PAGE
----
Short- and Long-term Outcomes after Cesarean Section

Rosalie M Grivell; Jodie M Dodd


Expert Rev of Obstet Gynecol. 2011;6(2):205-215. 

In This Article

Infant & Childhood Health

The effect of CS on perinatal mortality remains unclear, although a reduction in risk is frequently cited as a potential benefit of cesarean birth.[25] An Icelandic study of birthweight-specific mortality rates did not identify a correlation between mode of birth and perinatal mortality for singleton infants with birth weight above 2500 g, in the absence of congenital anomalies.[74] In contrast, Villar reported elective cesarean to be associated with a significant reduction in the risk of fetal death compared with vaginal birth (adjusted OR: 0.65; 95% CI: 0.43–0.98 [adjusted for gestational age and maternal and demographic characteristics]).[30] For breech and other fetal presentations, elective or intrapartum cesarean birth was similarly associated with a large reduction in fetal death after adjusting for gestational age and maternal factors.[30] However, this association was not observed for intrapartum cesarean birth.[30]

In developed countries with low perinatal mortality, studies with a sample size of hundreds of thousands of women would be required to conclusively demonstrate a benefit in infant health outcomes associated with cesarean birth compared with vaginal birth. Consequently, many studies have focused on more common surrogate adverse infant outcomes, including composite measures of perinatal morbidity.

There is a well-recognized risk of respiratory morbidity following elective CS, even at term. Morrison et al. reported the RR of respiratory distress syndrome (RDS) and transient tachypnoea of the newborn (TTN) in over 33,000 births at term comparing mode of birth and gestational age at birth.[75] Although the incidence of RDS and TTN was low, at 2.2 out of 1000 births, and 5.7 out of 1000 births respectively, the incidence of any respiratory morbidity was highest for infants delivered by CS before the onset of labor (35.3 out of 1000) compared with vaginal birth (5.4 out of 1000; OR: 6.8; 95% CI: 5.2–8.9).[75]

Hansen et al. conducted a systematic review to assess the relationship between birth by elective CS and infant respiratory morbidity.[76] A total of nine studies were included (one case–control, one prospective cohort and seven retrospective cohort studies) but results were not able to be combined in a meta-analysis owing to differences in methodology.[76] Overall, there was a two- to three-times greater risk of all types of respiratory morbidity (RDS, TTN, persistent pulmonary hypertension, mechanical ventilation, pneumonia and meconium aspiration) reported following cesarean birth at term.[76] Similarly, the large WHO study involving almost 100,000 births confirmed that both elective and intrapartum cesarean birth was associated with a doubling of the risk of admission (for any indication) to a neonatal ICU for 7 or more days (adjustment for confounding variables and gestational age).[30]

The risk of respiratory morbidity and subsequent admission to neonatal ICU is modified by gestational age at term. In Hansen's systematic review, the magnitude of this risk decreased with advancing gestational age, although a small risk remained with birth after 39 completed weeks of gestation.[76] In a prospective cohort study by Hansen et al., data were collected on the incidence of respiratory morbidity (RDS, TTN, persistant pulmonary hypertensive newborn) and serious respiratory morbidity (oxygen therapy for more than 2 days, nasal continuous positive airway pressure or mechanical ventilation).[35] Infants born vaginally formed the standard reference comparison. Infants delivered by CS had a significantly increased risk of respiratory morbidity at 37 weeks (OR: 3.9; 95% CI: 2.4–6.5), 38 weeks (OR: 3.0; 95% CI: 2.1–4.3) and 39 weeks (OR: 1.9; 95% CI: 1.2–3.0).[35] By contrast, other authors have reported a minimally increased risk with CS birth at 39 weeks when compared with vaginal birth.[77]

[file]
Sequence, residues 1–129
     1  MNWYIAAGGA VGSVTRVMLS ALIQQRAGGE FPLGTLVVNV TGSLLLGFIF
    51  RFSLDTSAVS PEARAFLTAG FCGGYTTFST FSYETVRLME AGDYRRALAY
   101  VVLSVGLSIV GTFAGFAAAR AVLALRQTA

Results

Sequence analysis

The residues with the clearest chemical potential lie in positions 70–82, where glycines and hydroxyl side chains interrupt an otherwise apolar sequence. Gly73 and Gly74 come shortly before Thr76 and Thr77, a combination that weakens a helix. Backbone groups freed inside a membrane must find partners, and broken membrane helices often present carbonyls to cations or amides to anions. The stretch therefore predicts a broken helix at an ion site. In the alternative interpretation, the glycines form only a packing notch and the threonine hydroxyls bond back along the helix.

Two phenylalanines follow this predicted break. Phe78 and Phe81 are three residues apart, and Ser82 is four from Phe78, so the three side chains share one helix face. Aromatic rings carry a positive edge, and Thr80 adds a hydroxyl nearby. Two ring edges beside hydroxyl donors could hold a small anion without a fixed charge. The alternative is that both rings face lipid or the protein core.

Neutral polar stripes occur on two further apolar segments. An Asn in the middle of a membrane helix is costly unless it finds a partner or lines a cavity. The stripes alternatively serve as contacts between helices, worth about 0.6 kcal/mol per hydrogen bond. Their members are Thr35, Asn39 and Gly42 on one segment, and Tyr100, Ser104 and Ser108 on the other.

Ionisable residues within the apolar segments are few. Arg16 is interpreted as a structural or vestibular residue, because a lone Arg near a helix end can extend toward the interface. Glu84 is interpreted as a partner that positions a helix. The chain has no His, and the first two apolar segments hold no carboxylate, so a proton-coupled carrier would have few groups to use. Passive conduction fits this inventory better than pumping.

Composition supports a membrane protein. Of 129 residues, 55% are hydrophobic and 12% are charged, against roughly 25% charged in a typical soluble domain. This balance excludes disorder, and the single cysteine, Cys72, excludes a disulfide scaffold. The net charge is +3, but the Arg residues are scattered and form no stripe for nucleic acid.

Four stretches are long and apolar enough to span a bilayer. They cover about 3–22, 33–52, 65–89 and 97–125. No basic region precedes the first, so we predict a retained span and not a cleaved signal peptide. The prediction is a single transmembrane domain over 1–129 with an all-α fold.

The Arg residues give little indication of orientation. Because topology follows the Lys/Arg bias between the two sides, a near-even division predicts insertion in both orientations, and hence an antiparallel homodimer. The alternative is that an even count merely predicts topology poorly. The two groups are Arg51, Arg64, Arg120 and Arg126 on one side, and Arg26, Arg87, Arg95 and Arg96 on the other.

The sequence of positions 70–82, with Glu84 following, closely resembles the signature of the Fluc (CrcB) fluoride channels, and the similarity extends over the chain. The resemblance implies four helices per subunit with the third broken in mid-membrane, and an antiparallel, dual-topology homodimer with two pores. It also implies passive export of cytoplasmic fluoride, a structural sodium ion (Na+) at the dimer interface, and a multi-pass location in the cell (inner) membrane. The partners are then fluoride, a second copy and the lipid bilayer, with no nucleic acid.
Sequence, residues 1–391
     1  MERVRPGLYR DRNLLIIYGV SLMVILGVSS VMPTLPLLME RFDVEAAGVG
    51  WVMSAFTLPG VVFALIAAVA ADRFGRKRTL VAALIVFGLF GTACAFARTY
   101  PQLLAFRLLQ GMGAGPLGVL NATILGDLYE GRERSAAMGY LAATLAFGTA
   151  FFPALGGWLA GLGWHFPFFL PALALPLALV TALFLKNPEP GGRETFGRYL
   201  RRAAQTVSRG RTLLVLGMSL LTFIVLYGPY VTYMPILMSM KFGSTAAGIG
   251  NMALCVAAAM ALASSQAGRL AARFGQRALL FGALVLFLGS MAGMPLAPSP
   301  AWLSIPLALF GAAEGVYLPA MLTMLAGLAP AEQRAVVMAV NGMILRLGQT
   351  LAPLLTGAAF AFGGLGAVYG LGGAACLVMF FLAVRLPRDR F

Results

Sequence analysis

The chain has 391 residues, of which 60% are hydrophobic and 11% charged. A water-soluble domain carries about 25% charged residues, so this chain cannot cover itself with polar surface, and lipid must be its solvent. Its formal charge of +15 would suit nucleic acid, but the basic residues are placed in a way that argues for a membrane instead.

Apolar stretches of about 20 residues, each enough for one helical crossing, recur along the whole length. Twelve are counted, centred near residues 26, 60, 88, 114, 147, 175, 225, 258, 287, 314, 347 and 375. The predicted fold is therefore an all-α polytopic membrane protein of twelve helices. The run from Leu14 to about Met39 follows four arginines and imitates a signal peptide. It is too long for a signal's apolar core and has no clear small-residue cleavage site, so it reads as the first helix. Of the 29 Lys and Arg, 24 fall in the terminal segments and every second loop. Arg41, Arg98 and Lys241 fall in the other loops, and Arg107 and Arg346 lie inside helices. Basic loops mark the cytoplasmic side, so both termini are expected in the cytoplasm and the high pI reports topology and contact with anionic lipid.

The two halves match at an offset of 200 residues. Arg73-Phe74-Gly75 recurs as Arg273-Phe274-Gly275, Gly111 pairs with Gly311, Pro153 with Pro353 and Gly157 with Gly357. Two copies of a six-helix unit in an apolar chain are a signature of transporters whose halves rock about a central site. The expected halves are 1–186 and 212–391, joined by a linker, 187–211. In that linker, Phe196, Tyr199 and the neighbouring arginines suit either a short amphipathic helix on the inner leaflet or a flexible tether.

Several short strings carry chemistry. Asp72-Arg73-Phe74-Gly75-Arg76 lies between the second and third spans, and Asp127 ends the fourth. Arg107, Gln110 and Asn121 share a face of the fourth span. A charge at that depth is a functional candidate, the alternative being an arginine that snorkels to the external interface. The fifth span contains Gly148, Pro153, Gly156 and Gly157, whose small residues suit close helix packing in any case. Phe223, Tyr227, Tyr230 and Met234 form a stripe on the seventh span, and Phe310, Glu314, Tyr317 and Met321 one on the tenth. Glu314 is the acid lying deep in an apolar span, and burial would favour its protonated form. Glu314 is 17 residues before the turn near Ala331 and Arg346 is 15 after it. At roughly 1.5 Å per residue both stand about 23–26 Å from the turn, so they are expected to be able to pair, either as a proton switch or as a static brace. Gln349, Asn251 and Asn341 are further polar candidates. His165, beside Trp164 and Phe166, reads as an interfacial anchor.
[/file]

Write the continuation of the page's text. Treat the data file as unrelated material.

The documentation of a gestational age-dependent risk of respiratory morbidity with term elective CS birth has resulted in clinical guidelines advocating elective CS be performed where possible after 39 weeks,[42] and consideration of antenatal corticosteroids. The Antenatal Steroids for Term Elective Caesarean Section (ASTECS) randomized trial evaluated the effect of antenatal betamethasone administration for women with a planned elective CS at a gestational age of 37 weeks or more.[78] The incidence of admission to the special-care baby unit with RDS was 5.1% in the control group, compared with 2.4% (RR: 0.46; 95% CI: 0.23–0.93) following betamethasone administration.[78] While the incidence of RDS was reduced following antenatal corticosteroids (1.1 vs 0.2%; RR: 0.21; 95% CI: 0.03–1.32), there were no other significant differences identified in other measures of neonatal morbidity.[78]

With regards to longer term infant health outcomes following CS, the Term Breech randomized trial reported outcomes at 3 months and 2 years after planned CS compared with planned vaginal birth for breech presentation at term.[52,79] There were no significant differences identified in infant health, including need for additional medical care after birth, and neurodevelopment as assessed by the Ages and Stages Questionnaire.[52,79]

There have been recent concerns regarding the effect of cesarean birth on later childhood health, particularly in relation to allergy, atopy and autoimmune disease. Although there is evidence of altered immune components in cord blood with mode of birth,[80] the subsequent risk of atopy, asthma and allergy remains uncertain.[81–83]


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